Walking with Harrison Ford and his horse, Cooper, you'd think he's been riding all his life. "Somebody sent me up to a casting guy at Columbia Pictures," he recalled. "The first question he asked me was, 'Could you ride a horse?' I said, 'Sure, yes, sir.' He said, 'Do you speak Spanish?' I said, 'Yes, sir.'"
He could do neither. "I certainly couldn't ride a horse, and I certainly couldn't speak Spanish," he said. "But I could lie. And that was the main talent of an actor!"
Riding came when Ford left Hollywood and moved, 40 years ago, to Jackson Hole, Wyoming.
Turner Classic Movies host Ben Mankiewicz asked, "I think I know the answer, but why did you want to get out of L.A.?"
"Because it's L.A., and it's a city," he replied. "And I don't have to be there for work, so I might as well enjoy a different kind of life."
Four decades later, art is once again imitating life. This big-time movie actor is starring in a TV series, and it's being made in Wyoming's neighbor to the north, Montana. The role comes from the creator of the hit show "Yellowstone," Taylor Sheridan. For his new prequel series, "1923" (now streaming on our sister service, Paramount+), he wrote the lead character specifically for Harrison Ford.
"I was knocked out when I got the script – the ambition and the bold storytelling. It's audacious," Ford said.
"1923" is a complicated show, one part moving, two parts brutal. It's the story of the American West in the aftermath of World War I. Ford plays Jacob Dutton, a rancher and distant relative to Kevin Costner's character in "Yellowstone." Jacob's wife is played by another movie star, Helen Mirren.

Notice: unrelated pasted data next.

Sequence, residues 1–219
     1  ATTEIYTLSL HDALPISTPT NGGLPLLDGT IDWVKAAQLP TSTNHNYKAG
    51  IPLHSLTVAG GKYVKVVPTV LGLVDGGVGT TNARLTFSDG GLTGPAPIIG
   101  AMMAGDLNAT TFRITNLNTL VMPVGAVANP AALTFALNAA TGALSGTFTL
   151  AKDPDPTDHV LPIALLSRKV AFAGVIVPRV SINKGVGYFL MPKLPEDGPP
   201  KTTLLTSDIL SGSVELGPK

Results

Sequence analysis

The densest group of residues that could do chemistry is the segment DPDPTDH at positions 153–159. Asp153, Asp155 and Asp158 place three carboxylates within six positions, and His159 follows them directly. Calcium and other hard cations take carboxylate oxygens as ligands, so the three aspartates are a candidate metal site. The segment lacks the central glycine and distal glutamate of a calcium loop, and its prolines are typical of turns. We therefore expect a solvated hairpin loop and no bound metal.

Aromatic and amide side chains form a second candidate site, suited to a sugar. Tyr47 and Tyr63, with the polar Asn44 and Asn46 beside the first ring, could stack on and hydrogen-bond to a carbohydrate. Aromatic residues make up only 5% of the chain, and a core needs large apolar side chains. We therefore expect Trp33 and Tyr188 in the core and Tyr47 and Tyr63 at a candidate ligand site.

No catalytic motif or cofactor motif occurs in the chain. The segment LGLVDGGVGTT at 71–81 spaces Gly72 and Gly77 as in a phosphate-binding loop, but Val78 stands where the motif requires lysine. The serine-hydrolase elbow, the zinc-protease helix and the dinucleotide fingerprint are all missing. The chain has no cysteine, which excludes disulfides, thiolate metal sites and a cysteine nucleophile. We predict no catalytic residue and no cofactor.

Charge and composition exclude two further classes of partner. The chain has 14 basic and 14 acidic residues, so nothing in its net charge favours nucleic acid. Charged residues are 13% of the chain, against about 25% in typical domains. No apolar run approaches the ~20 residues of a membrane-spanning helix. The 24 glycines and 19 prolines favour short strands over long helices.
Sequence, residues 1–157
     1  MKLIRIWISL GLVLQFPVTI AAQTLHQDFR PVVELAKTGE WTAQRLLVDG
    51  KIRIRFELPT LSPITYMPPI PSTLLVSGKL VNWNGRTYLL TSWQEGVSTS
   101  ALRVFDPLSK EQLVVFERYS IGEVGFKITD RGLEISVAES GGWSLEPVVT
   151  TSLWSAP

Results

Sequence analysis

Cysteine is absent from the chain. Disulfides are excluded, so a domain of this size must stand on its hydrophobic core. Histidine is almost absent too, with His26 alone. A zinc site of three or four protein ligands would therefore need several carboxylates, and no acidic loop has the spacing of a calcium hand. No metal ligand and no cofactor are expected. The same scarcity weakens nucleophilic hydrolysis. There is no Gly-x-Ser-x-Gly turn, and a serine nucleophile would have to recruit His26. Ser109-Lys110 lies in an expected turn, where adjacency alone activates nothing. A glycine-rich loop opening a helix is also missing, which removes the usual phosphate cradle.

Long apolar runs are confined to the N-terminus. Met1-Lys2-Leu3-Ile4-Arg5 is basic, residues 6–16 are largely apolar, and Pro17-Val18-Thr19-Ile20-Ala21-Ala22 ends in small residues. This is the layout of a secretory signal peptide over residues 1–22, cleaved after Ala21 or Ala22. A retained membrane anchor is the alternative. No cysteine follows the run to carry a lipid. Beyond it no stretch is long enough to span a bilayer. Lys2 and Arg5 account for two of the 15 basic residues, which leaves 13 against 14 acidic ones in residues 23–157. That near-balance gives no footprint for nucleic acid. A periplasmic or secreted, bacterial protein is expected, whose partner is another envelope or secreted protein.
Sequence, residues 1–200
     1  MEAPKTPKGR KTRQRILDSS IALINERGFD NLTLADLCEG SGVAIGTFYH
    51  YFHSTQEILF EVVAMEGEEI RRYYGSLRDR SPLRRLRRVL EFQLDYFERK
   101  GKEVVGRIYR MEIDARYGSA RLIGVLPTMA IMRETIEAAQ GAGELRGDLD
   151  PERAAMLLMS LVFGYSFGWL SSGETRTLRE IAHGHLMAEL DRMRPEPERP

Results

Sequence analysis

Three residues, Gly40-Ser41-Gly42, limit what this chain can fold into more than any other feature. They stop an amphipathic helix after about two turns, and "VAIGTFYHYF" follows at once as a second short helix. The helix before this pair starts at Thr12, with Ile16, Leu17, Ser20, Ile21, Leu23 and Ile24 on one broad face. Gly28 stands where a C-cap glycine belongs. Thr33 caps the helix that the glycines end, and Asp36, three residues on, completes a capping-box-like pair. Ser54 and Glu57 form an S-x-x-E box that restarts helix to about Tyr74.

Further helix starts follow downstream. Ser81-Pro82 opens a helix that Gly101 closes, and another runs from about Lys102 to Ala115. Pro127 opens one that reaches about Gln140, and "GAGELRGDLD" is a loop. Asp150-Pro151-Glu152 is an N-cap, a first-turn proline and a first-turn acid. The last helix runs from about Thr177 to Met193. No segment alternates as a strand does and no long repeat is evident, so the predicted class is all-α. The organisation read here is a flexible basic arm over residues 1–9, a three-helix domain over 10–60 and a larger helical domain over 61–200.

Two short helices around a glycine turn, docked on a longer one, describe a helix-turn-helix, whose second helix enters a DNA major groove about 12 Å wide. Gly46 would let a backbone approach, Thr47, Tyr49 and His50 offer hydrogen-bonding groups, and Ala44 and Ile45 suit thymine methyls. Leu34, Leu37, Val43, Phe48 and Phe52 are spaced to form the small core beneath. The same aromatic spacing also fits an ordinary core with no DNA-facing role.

Ford said, "Helen was a big part of the lure of it all for me. Because as much as we're telling the story of the condition of the West at that particular time, 1923, there's also a very important central relationship here between husband and wife. The marriage that we're portraying is one of a really deep, deep complex partnership between these two people."
The series is being produced old-school, on location (no CGI!), and with no relief from the elements. "That wind blowing up our skirts is real wind," Ford said. "When we were standing out there during the scene, and the wind was howling, and with a wind chill factor, it was 21 below zero. It was real!"
Ford has long valued being real. There's even a hint of it in a story from his 1966 movie debut, called "Dead Heat on a Merry-Go-Round," in which he plays a hotel busboy.
The producer called Ford into his office: "He said, 'I saw the dailies from yesterday. You're never going to make it in this business. You're wasting your time.'"
Then the producer told Ford that, years earlier, a young Tony Curtis had played a grocery delivery boy, and did it with such presence that everyone said, "Now that's a movie star!"
"And I leaned across the desk, and I said, 'I thought you were supposed to think there was a grocery delivery boy.' He said, 'Get the f*** out of here!'"
"Ah, you were charming them right from the start, Harrison!" Mankiewicz said.
Even when he's playing make-believe in a galaxy far, far away, or outrunning boulders in the Peruvian jungle, or hunting replicants in futuristic Los Angeles, there's something grounded in Ford's characters.
Mankiewicz asked, "There is a genuine quality to the characters you play which is clearly, at this point, not an accident?"